Thursday afternoon, Holtmann mentioned that multiple players were dealing with injuries and illness that could be game-time decisions.
He didn't further elaborate, but the full roster participated in warm-ups and all 13 available players saw game action. After the game, Holtmann gave a rundown.
“Duane (Washington Jr.) had a fever today,” the coach said. “D.J. (Carton) was throwing up, missed practice two days ago. CJ Walker missed practice yesterday with a hip injury that happened in practice. And Dre (Andre Wesson) is still getting back.”
Washington finished with eight points and a career-high five assists with no turnovers in 17:12 while making his fourth straight start. Carton had 13 points in 17:43, scoring nine of them in a flurry that lasted less than three minutes. Walker had 11 points, three assists and a career-high-tying four steals in 19:48. Andre Wesson, in his second game after suffering a fractured right eye socket in the season opener, had four points, three rebounds, an assist, a steal and a block in 17:38.
Asked about the overall health of the team, Washington said, “Day by day. We're grinding. Love life. Blessed to be here and a part of this organization, so whether we've got the snuffles or whatever we're going to come every day and attack it and hopefully we'll all feel better.”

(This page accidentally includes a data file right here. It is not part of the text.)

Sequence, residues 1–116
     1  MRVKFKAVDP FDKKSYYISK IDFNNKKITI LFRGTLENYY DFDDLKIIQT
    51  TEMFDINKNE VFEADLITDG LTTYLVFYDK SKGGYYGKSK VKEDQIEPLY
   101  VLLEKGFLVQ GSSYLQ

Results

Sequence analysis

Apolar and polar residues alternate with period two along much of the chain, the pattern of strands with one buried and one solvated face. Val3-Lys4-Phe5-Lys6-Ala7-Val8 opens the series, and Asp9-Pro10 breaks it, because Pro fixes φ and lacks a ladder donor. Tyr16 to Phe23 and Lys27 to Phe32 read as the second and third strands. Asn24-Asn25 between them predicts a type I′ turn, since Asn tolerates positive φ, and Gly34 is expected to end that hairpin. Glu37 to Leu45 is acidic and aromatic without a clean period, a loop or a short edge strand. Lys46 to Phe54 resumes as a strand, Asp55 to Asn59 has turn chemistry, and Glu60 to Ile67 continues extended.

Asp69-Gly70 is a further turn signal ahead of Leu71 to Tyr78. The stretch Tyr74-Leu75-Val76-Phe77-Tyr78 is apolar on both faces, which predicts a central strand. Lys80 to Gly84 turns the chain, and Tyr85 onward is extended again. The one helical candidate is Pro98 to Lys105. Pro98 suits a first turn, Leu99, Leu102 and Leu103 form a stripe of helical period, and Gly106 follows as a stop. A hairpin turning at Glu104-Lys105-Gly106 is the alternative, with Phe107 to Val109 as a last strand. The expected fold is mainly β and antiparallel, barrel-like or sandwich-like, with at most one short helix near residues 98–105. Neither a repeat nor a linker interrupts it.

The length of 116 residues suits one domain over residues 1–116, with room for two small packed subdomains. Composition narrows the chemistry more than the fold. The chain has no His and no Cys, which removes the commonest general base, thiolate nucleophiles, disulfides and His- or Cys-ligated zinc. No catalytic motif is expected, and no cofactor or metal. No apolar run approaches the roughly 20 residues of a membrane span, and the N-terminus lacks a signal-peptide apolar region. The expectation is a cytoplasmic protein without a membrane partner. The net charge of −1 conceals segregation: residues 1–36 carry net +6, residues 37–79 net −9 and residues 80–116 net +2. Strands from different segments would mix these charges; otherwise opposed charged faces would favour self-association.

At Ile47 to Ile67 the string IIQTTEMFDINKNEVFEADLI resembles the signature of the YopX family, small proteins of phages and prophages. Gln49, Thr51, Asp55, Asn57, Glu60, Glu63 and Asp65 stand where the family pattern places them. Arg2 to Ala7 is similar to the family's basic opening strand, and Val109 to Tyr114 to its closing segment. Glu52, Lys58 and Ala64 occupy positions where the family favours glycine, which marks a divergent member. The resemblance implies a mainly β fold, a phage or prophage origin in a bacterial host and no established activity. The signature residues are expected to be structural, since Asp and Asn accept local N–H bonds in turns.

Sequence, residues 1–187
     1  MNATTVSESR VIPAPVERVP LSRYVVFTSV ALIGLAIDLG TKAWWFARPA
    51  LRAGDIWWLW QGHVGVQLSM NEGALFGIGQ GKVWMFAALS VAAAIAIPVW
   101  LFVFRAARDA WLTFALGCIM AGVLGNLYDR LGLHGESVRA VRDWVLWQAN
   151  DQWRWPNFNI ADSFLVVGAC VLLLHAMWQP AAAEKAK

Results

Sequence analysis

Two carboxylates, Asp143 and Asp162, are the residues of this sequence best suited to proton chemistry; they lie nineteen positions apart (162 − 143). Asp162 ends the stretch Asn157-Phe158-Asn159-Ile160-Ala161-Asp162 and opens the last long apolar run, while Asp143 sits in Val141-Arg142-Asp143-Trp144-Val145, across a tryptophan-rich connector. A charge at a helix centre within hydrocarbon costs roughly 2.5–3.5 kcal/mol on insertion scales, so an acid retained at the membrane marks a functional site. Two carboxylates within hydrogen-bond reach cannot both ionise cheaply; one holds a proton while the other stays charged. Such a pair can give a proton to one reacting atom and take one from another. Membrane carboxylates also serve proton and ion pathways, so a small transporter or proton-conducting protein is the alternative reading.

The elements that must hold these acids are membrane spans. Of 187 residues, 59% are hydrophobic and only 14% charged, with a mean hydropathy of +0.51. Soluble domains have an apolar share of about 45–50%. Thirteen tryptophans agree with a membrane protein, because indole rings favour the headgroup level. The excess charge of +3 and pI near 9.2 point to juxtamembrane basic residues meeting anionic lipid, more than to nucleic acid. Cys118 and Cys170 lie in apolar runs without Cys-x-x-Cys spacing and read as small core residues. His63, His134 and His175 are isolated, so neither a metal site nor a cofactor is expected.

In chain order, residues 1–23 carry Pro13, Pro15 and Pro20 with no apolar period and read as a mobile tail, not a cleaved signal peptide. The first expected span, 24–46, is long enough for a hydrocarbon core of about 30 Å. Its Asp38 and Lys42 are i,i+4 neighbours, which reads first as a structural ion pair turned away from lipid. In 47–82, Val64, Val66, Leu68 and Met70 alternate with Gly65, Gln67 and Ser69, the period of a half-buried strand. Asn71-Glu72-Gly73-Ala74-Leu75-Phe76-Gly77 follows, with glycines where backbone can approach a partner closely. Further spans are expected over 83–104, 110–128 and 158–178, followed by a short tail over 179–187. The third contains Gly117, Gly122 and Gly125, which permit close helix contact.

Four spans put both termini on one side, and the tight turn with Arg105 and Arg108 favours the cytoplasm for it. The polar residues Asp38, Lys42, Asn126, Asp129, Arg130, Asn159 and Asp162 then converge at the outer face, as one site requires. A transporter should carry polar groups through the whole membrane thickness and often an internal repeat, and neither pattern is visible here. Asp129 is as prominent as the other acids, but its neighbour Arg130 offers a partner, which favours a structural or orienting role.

Ohio State has now won 50 games with Holtmann as coach. In two-plus seasons, the Buckeyes are 50-24, which is a .676 winning percentage.
With three more wins, Holtmann will move into a tie with William H.H. Dye, who went 53-34 from 1937-40, for 10th place in career wins at Ohio State. Next on the list is Gary Williams, who won 59 games from 1987-89.
Holtmann did not get to 50 wins faster than his predecessor, Thad Matta, who is the program's all-time wins leader. Matta got his 50 th win in the fourth game of his third season, a 74-45 win against Eastern Kentucky, that made him 50-18 for his career. That's a .735 winning percentage.
In his ongoing recovery from the two herniated discs he suffered during a bad summer deadlifting experience, sophomore Justin Ahrens has now hit three three-pointers during garbage time in consecutive games.
After missing his first three attempts in the first two games and then sitting out the Villanova game due to back stiffness, Ahrens went 3 for 7 against Stetson on Monday and then hit all three of his three-point attempts against the Mastodons.
“It's day-to-day with him,” Holtmann said. “I didn't hold him out in this particular game because of injury. He's got to continue to practice and practice harder and practice with the right approach. I'm on him about that. I think he will. I love Justin. He's got a great attitude, but he's got to fight through this injury and the recovery from it and the setback from it with the degree of toughness that's required. I think when he does that he's going to continue to see the dividends. He's lost about 10 pounds.”
Ahrens hit 19 threes as a freshman, six of which came in one game. He is now 6 for 13 (46.2 percent) for the season.
“Staying on my feet and not fouling is a big part. Walling up and trying to time shots has been my thing for a while. My mom says I get it from her. She played volleyball and she used to spike.” – freshman E.J. Liddell, who had a block against Purdue Fort Wayne and now has eight on the season